Thursday, February 4, 2010

Bermuda's Coral Reefs provide $722 million in value per year


BREAM contributed our coral reef and fish data to aid in the Assessment of the Total Economic Value of Bermuda's Coral Reef (click for executive summary), described in the Bermuda Sun article (link) out Feb 4th ; and Royal Gazette article out Feb 5th (link)


Bermuda Sun
Feb. 4th 2010


Coral reefs worth an average of $722 million per year
Economic benefits include tourism, fisheries and storm protection

THURSDAY, FEB. 4: The Department of Conservation Services within the Ministry of the Environment and Sports today released a study on the Total Economic Value (TEV) of Bermuda's Coral Reefs which shows that the annual value of the coral reef ecosystem averages $722 million, potentially amounting to $1.1 billion per year.

Bermuda's coral reefs provide substantial economic benefits through coastal protection from storms and hurricanes as well as supporting both the tourism industry and commercial and recreational fisheries. In short they are a fundamental contributor to a quality of life envied worldwide.

The Total Economic Value for Bermuda's coral reefs represents on average 12% of Bermuda's Gross Domestic Product (GDP in 2007 was of US$5.85 billion).

In summing up the aims of this economic valuation, Dr. Samia Sarkis of the Department of Conservation Services commented: "This first environmental economic valuation for Bermuda is paving the way for an alternative approach to conservation of natural resources.

"The recognition of the value of a natural resource or ecosystem is a fundamental step in considering the impact we have on the environment, the loss of ecological functions and the economic losses that ensue. This study has demonstrated the importance that coral reefs hold in the eye of the community and the tourists - reflected in their willingness to trade off monies (up to $50 million per year) for conservation and management of the reef system.

"The increased awareness will continue to generate support among the community and policy and decision-makers for ensuring sustainable development. For policy makers, and local businesses, the study also provides a tool enabling the integration of environmental concerns in the decision-making process and places it on a comparable (monetary) basis with economic and social impacts.

"It is hoped that these results on the TEV of Bermuda's coral reefs will assist in identifying and implementing more sustainable policies and activities, balancing environmental, social and economic goals for the long term sustainability of our most prominent marine asset, the northernmost coral reef system in the world."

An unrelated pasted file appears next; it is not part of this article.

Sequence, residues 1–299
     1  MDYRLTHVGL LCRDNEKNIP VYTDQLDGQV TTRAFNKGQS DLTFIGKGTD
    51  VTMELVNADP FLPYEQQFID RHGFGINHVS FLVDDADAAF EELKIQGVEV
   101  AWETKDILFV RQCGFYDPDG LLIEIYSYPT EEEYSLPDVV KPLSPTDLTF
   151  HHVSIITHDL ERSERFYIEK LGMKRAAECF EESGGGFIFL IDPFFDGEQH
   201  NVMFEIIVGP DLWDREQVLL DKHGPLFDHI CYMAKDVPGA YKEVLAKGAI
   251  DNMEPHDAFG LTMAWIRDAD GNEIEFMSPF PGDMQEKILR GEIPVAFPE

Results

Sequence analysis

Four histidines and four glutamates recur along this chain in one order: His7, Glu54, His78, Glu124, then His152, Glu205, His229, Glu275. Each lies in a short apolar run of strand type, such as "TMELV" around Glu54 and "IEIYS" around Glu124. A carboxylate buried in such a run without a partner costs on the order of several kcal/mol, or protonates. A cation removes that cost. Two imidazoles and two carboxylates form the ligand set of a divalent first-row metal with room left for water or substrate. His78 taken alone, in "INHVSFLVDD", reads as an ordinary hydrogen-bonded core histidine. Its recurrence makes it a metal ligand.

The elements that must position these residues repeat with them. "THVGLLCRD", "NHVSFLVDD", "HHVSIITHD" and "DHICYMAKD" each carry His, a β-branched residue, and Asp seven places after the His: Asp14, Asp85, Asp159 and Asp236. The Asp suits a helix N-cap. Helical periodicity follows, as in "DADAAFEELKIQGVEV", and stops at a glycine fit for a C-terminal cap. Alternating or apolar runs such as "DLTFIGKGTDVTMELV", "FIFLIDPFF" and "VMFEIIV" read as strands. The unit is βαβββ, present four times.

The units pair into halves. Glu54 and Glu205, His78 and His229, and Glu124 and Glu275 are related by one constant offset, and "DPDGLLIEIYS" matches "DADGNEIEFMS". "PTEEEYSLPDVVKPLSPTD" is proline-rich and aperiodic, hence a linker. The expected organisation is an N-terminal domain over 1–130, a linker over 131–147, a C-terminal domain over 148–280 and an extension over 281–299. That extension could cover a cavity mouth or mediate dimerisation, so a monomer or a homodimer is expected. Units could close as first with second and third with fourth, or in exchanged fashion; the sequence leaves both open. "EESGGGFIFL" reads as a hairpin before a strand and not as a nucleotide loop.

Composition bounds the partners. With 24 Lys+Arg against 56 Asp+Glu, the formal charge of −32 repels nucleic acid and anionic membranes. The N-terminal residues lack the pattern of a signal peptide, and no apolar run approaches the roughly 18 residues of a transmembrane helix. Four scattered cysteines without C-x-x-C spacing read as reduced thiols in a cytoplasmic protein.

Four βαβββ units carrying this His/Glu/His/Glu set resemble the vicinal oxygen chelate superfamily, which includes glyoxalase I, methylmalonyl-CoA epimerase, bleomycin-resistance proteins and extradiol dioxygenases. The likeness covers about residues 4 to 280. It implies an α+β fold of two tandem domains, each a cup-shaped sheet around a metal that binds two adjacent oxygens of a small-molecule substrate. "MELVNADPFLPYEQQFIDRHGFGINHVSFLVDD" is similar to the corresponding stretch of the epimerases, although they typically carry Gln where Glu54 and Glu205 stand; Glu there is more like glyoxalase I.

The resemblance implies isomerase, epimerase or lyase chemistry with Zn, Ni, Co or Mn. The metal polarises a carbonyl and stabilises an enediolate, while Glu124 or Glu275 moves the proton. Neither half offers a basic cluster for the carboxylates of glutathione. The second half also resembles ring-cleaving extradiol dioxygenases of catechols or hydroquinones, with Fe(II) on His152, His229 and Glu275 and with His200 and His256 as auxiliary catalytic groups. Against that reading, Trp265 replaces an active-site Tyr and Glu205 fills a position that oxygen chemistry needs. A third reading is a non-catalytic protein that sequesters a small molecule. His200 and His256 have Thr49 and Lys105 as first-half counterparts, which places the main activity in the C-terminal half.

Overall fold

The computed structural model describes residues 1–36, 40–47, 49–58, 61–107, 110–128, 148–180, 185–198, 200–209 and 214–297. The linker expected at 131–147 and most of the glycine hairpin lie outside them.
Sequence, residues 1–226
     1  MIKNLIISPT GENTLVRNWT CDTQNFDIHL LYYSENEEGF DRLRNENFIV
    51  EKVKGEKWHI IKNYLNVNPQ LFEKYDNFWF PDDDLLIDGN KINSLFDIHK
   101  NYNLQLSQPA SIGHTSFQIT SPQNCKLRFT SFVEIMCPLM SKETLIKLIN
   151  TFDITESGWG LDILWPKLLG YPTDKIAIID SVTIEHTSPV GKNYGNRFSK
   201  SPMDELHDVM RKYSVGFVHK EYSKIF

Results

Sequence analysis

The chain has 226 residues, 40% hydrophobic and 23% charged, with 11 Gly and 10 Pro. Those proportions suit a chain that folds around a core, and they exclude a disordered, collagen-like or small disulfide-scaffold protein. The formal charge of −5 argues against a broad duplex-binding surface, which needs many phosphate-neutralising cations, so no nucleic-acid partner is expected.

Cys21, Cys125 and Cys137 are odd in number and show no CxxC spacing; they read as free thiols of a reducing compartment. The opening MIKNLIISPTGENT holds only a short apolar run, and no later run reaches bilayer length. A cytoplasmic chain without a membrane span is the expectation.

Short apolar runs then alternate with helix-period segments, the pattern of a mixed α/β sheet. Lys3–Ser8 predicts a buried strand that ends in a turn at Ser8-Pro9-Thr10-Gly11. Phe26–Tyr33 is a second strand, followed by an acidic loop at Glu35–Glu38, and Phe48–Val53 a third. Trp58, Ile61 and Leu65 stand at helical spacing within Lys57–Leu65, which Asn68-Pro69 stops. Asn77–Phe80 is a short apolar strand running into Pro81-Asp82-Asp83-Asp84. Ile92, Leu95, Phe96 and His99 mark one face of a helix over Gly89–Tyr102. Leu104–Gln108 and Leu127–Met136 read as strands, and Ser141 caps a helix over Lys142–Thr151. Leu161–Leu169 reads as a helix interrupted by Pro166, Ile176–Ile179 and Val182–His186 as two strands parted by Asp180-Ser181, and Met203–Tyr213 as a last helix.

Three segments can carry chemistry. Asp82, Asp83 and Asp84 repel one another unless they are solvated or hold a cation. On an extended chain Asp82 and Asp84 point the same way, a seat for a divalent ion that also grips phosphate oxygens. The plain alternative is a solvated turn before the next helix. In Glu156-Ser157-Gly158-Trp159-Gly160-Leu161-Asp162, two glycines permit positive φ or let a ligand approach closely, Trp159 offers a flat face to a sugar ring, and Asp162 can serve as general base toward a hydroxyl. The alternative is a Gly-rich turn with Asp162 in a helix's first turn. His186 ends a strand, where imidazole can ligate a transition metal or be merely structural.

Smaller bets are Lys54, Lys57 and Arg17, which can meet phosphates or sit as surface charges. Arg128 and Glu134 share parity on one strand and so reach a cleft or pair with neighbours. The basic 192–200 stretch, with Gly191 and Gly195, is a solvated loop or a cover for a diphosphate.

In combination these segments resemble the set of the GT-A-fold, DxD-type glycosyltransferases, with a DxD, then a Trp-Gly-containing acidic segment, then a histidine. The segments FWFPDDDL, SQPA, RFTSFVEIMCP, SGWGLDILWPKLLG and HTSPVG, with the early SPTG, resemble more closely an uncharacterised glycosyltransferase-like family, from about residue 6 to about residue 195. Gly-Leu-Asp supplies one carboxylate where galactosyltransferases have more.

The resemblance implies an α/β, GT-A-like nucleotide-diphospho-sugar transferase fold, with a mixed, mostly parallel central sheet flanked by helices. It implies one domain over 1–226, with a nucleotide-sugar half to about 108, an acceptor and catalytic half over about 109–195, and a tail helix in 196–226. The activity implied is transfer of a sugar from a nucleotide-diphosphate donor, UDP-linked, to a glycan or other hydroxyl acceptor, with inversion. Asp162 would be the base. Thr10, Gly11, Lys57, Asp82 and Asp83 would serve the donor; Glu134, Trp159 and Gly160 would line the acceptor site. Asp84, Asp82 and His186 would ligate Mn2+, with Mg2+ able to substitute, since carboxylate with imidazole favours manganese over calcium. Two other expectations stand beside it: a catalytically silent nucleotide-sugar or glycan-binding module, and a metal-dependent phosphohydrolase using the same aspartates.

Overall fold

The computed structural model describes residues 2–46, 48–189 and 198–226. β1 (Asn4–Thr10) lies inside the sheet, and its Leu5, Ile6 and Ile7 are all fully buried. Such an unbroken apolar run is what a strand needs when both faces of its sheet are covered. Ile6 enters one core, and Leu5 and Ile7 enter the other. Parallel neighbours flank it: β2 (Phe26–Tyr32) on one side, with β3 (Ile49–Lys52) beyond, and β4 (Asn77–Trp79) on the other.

This project was initiated and coordinated by the Department of Conservation Services (Government of Bermuda) in collaboration with environmental economists from the Joint Nature Conservation Committee (U.K.) and implemented by the Institute for Environmental Studies (IVM) of the Vrije University (Netherlands) and a Bermuda-based scientific team.

It was funded by the Overseas Territories Environmental Programme (OTEP, U.K.), XL Foundation in Bermuda, and contributed to by the Bermuda Government for initial framework development.

The study's progress was overseen by a Steering Committee composed of Bermuda Government representatives (Department of Marine & Ports, Tourism, Finance, Environmental Protection, Forward Planning, Conservation Services, and Sustainable Development Unit), and well-respected members of the community.

Results of the study are published in a 200 page report "Total Economic Value of Bermuda's Coral Reefs: Valuation of Ecosystem Services" written by Pieter J.H. van Beukering, Samia Sarkis, Emily McKenzie, Sebastiaan Hess, Luke Brander, Mark Roelfsema, Loes Looijenstijn-van der Putten and Tadzio Bervoets.

The Executive Summary of the report will be available at www.gov.bm under The Ministry of Environment and Sports.
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Royal Gazette Feb 5th 2010

Report puts $700m 'value' on our reefs


By Amanda Dale

Photo by Mark Tatem Salt spray: Waves crash over a boiler reef on South Shore as winds picked up on February 19, 2009. Boiler reefs serve to break up high seas and protect Bermuda's beaches from erosion.

For centuries myths have abounded about lost treasure beneath the Island's waters, but today a survey shines a light on riches of a different kind.

We are not talking doubloons, gold or precious gems, but a treasure chest bursting with colourful marine life.